April 18, 2020
Climate scholars Ken Gillingham, Peter Boyd, and Brad Gentry offer their insight into what carbon neutrality means and what it might take to achieve net-zero emissions.
What is carbon neutrality?
“Carbon neutrality means net zero carbon,” says Ken Gillingham, Associate Professor of Economics. “This means that any actions that lead to emissions would be accompanied by other actions that confidently reduce – or offset – emissions.”
In contrast to ‘net zero carbon’, Gillingham explains that ‘zero carbon’ means having no emissions at all – something he deems to be impossible in today’s society – and ‘carbon-positive’ means that you sequester more carbon emissions than you emit.
Peter Boyd, Resident Fellow at the Center for Business and the Environment and Mentor-in-Residence at the Tsai Center for Innovative Thinking, states that carbon neutrality is not about “achieving absolute zero” but instead “reducing our human-caused emissions to the level where the natural world has an ability to absorb it so we can observe a planet in an equilibrium.”
To simplify it, Boyd likes to think of carbon neutrality like living on a campsite. “We, as human hikers, want to leave the campsite as good as we found it,” Boyd says. “That means that the water flowing upstream is just as good as the water flowing downstream of our campsite.”
What are the benefits of going carbon neutral?
Brad Gentry, the F.K. Weyerhaueser Professor in the Practice of Forest Resources Management and Policy, explains that becoming carbon neutral is “part of our civic responsibilities, as a large part of the solution to climate change is going to be reducing emissions.”
In addition to helping to mitigate “dire weather changes”, Gentry says that moving towards carbon neutrality offers co-benefits such as reduced air pollution and increased resiliency of buildings, not to mention reduced energy bills. However, Gillingham believes that the research and teaching opportunities made available to “both young scholars and the world” through pursuing carbon neutrality is the goal’s biggest environmental impact. “Small changes taking place at a small institution or company [like Yale] alone aren’t going to solve climate change,” Gillingham says. “But setting an example and having others follow will help move the needle forward in a way that might actually make a difference.”
How do you achieve carbon neutrality?
To Boyd, meeting a carbon neutrality goal starts with “taking full responsibility of all of one’s [direct and indirect] emissions” and “owning the responsibility for the reductions.” On the ground, these reductions can take the form of building retrofits, low-to-no carbon emitting building designs, and a move toward renewable energy. However, these actions each involve a number of trade-offs, and are expensive, time-consuming, disruptive, and in many cases, currently impossible.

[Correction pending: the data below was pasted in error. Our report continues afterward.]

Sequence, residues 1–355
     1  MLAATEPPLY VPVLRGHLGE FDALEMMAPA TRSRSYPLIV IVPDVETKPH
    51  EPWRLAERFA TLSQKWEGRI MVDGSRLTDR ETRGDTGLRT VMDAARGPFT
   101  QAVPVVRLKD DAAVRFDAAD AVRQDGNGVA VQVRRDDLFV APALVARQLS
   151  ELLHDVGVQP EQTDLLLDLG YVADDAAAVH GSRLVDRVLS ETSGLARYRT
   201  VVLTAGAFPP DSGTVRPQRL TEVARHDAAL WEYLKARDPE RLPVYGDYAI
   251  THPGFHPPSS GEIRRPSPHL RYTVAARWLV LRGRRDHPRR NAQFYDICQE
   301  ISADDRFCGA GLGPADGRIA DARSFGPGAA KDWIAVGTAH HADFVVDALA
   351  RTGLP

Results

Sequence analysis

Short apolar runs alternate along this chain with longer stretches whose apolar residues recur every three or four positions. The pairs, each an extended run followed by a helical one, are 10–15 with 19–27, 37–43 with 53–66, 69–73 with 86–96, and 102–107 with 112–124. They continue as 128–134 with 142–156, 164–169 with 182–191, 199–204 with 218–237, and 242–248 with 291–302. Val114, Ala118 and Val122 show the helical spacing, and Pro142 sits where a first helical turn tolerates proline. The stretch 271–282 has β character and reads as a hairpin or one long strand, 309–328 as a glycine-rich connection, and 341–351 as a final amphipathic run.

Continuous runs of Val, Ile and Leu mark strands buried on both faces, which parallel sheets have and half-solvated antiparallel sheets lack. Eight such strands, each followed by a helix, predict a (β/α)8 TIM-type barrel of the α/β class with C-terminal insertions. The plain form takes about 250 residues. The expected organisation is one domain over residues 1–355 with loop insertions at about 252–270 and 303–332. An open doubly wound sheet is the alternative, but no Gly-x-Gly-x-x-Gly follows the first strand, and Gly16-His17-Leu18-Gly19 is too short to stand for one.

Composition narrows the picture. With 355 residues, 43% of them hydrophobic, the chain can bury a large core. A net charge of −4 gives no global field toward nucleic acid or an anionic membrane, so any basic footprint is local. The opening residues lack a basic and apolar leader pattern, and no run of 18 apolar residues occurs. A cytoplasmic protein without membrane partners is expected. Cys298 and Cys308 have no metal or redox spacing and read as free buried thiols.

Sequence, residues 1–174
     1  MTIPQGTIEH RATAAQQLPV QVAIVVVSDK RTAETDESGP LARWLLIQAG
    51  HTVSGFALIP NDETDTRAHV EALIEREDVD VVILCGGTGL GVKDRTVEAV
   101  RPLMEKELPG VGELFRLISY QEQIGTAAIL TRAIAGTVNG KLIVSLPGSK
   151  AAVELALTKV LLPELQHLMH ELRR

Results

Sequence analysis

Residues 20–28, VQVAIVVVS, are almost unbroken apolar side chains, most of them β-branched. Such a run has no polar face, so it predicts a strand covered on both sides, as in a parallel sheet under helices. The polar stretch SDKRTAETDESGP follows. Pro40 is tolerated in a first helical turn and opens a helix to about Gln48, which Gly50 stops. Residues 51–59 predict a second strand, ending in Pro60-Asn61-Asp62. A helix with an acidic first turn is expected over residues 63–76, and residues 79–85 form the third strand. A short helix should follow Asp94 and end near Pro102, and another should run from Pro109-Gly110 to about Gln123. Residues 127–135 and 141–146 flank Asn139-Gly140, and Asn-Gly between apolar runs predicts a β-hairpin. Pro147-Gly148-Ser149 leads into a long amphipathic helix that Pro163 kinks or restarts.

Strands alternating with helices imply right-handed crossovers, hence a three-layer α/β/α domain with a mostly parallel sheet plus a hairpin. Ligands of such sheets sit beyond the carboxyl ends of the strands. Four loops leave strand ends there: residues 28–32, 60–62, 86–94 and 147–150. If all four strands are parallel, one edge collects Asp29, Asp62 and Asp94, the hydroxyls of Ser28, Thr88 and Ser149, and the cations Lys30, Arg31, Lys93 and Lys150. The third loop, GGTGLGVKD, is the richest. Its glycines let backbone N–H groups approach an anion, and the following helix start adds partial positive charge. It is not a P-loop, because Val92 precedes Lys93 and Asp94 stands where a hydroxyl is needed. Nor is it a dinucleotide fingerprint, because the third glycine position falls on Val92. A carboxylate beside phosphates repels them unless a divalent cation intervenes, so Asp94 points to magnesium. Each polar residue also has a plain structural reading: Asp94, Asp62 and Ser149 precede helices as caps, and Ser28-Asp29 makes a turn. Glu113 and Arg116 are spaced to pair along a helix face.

Boyd explains that responsible industries and institutions can strive to become more and more efficient, but at one point in time, they will inevitably reach a ‘gap’ between the goal of carbon neutrality and what is financially and technologically possible. For this reason, Gentry says that becoming carbon neutral takes “a combination of reducing your own emissions and investing in other emission reductions wherever you can find them, particularly ones that wouldn’t happen otherwise.” These investments are called carbon offsets – the certified reduction in emissions in one place that compensate for emissions in another. Gentry explains that these can take the form of emission reduction projects, like capturing methane at a landfill site, or carbon sequestration projects, such as planting trees or protecting forests that absorb carbon.
What happens after we achieve neutrality?
For our experts, achieving carbon neutrality for one’s current emissions is not the end-goal, but rather a bridge to more substantial reductions. Boyd explains that the next step for ambitious industries and institutions is to make carbon neutrality efforts “cumulative”, thereby making up for all emissions ever emitted. “You wouldn’t go in and eat at a restaurant for years and then only suddenly start paying the bill,” Boyd said. “Before we can claim ourselves to be net-zero and a benign force on the planet, we should settle up our tab.”
What can an individual do?
“The power of net-zero is that it can work on every level,” Boyd says. “It can work on the global level, a country level, a community or company level, and even at an individual level.” While a carbon neutral world remains a hefty goal, our experts agree that individuals can move toward their own net-zero lifestyle by making efforts to reduce your energy and water consumption, keep an eye on the food you eat and the waste you produce, the amount you travel, and offsetting your travel and activities when possible.
What Yale is Doing?
In 2005 Yale set a goal of reducing greenhouse gas emissions by 43% by 2020, and in 2016 the University committed to achieving carbon neutrality by 2050 or sooner. In the fall 2019 semester, President Peter Salovey appointed a task force to assess the feasibility of accelerating that timeline. The results of that activity are forthcoming.